One of the unchallenged truisms of baseball is that a lights-out closer is a key ingredient for any successful team. The theory is that stellar closers like Mariano Rivera and Jonathan Papelbon are so likely to dominate the 9th inning that they essentially give their team more at bats than the other team.
When the Red Sox get to hit for 9 innings but you only get 8, you’re probably toast, the theory goes.
ESPN’s Jim Caple says that theory is nonsense. And he’s got the numbers to prove it:
Don’t believe me? Check out this study by Dave Smith of Retrosheet. He researched late-inning leads over 73 seasons, from 1944 to 2003, and an additional 14 seasons prior to that span. What he found is that the winning percentage for teams who enter the ninth inning with a lead has remained virtually unchanged over the decades. Regardless of the pitching strategy, teams entering the ninth inning with a lead win roughly 95 percent of the time. That was the exact rate in 1901 and that was the rate 100 seasons later. In fact, the rate has varied merely from a high of 96.7 percent in 1909 to a low of 92.5 percent in 1941.
Right now I’m thinking that study applies to all leads, including big ones. But what about slim leads, the ones defined as “save situations”?
But I know what you’re thinking. That study applies to all leads, including big ones. But what about the slim leads, the ones defined as “save situations”?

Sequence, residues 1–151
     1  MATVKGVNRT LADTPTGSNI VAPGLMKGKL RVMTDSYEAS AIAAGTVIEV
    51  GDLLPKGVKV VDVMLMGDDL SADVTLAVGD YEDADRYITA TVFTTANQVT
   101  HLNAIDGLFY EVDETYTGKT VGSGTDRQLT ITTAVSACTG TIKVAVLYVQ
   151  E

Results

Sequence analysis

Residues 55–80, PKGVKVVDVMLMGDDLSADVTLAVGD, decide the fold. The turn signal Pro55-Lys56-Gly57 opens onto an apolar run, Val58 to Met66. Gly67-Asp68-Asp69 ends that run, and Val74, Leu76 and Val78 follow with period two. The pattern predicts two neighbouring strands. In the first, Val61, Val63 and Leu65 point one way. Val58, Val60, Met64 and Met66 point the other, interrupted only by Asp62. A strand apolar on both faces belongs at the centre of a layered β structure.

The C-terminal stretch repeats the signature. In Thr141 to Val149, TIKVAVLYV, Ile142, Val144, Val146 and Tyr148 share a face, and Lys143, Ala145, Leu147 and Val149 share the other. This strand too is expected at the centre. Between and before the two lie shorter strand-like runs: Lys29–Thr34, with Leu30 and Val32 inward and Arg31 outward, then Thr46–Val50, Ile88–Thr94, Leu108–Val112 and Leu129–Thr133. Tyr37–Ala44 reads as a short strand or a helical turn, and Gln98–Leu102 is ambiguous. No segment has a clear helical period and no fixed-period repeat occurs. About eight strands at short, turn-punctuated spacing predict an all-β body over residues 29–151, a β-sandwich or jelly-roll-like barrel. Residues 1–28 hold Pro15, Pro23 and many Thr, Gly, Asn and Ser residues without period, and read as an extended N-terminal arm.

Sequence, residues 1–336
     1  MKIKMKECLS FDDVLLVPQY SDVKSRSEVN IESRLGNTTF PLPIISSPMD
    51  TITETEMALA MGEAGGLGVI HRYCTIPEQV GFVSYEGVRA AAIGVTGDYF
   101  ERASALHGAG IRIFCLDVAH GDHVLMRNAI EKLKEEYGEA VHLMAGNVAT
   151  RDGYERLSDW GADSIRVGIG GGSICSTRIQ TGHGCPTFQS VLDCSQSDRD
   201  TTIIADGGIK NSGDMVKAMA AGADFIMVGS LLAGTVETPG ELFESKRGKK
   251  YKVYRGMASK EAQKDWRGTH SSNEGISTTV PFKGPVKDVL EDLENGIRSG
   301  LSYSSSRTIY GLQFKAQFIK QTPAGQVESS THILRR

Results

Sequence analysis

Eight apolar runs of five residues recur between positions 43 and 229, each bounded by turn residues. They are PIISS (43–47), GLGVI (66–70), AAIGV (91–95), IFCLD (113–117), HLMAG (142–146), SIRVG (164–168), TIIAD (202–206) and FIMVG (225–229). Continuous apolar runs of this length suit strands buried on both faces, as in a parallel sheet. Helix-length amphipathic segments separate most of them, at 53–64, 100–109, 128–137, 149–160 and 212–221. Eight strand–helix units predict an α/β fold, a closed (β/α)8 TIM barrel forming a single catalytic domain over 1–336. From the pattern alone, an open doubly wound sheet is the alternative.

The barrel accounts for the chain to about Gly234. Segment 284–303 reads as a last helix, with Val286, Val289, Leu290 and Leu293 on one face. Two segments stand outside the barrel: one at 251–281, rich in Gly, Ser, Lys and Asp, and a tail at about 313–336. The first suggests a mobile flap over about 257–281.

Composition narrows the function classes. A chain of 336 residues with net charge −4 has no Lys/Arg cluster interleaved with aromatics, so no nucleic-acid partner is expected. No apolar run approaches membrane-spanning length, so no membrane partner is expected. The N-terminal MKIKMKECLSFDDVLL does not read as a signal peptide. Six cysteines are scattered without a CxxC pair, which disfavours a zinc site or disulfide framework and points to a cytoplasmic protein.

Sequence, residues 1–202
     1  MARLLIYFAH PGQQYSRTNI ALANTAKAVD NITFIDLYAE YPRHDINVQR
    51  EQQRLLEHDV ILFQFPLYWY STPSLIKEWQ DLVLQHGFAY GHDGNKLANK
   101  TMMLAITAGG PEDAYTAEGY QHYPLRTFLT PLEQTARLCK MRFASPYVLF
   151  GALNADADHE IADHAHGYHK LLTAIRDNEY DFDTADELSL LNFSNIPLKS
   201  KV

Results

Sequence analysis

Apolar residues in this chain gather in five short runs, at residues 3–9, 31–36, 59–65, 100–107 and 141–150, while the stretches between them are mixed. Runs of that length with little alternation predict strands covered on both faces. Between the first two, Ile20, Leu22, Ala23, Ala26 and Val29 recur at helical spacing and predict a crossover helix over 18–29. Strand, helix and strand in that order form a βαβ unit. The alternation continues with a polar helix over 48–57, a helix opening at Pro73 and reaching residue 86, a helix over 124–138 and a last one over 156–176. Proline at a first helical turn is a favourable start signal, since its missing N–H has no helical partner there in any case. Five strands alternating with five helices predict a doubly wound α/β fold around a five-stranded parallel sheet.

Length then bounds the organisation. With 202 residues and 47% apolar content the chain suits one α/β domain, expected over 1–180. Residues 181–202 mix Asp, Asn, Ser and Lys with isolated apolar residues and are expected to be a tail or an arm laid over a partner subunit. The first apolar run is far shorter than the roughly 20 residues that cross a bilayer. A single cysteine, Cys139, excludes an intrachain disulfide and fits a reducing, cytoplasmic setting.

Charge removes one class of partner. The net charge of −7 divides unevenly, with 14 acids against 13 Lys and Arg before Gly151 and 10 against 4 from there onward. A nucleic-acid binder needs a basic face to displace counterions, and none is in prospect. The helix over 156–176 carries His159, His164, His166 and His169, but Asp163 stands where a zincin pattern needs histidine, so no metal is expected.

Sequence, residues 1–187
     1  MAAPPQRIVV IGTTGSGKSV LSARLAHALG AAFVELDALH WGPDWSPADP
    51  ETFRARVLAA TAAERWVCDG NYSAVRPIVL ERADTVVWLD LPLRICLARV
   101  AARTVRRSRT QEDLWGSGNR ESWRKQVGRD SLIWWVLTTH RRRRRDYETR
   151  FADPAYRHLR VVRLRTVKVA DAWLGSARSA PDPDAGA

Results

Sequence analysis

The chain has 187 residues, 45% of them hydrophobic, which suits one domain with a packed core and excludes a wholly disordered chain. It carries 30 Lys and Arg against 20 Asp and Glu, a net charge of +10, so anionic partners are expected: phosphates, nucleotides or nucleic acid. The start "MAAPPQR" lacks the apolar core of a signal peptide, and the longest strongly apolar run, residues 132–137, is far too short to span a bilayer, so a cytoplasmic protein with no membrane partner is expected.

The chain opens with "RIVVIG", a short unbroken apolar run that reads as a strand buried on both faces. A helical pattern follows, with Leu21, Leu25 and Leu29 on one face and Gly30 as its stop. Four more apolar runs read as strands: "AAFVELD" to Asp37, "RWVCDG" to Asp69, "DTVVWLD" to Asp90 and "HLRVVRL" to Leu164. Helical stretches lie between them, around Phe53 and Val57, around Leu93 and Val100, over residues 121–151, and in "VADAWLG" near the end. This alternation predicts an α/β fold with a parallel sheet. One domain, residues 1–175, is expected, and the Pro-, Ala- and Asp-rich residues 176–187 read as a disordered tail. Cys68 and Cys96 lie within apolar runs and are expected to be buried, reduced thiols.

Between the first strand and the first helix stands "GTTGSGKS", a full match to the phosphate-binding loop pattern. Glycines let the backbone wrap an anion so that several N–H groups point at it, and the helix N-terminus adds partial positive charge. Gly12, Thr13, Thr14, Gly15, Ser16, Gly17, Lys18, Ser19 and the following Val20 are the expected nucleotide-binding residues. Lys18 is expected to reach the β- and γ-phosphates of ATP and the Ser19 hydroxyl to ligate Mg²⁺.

Glad you asked. Because Smith looked at those leads as well. And what he found is winning rates for those leads have also remained constant — one-run leads after eight innings have been won roughly 85 percent of the time, two-run leads 94 percent of the time and three-run leads about 96 percent of the time.
To be clear, Caple isn’t arguing that Mariano Rivera and Jonathan Papelbon are unworthy pitchers. To the contrary, he argues that they are used inefficiently in their current roles. If teams simply put their best relief pitchers in the game to quell threats instead of shoe-horning them into narrowly-defined roles, they might be better off. As Caple points out, teams on a 12 game losing streak may not use their closers at all during that stretch, meaning they’ve kept their best relief pitchers on the bench when they needed them most.
All of this naturally leads to the New York Mets, official baseball team of Pax Arcana. Here’s Caple’s thoughts on the Mets bullpen:
Don’t get me wrong. I realize some pitchers are obviously better than others. And I would rather have six-time All-Star Billy Wagner on the mound for my team in a key situation than, say, Aaron Heilman.
As Caple typed those words earlier this week, Billy Wagner was busy straining his forearm and heading to the disabled list. Sans closer, the Mets decided to emulate the 2003 Red Sox and institute a “closer by committee” strategy.
When Heilman trotted in from the bullpen in the ninth inning, the Mets had a four-run cushion over the San Diego Padres. Heilman was three outs away from helping the Mets end a difficult day with a win. All he had to do was get those elusive outs. He did not come close.
Heilman gave up Jody Gerut’s three-run homer and managed to notch only one out before he was replaced and then booed off the mound at Shea Stadium. Because Joe Smith and Scott Schoeneweis followed Heilman and collected one out each, the Mets exhaled and sneaked away with a 6-5 victory.
Obviously one game does not a trend make. And the Mets may eventually prove that relievers are best used outside of their formalized roles. But damn it would be nice to relax a bit with a four-run lead in the top of the ninth against one of the worst offenses in baseball.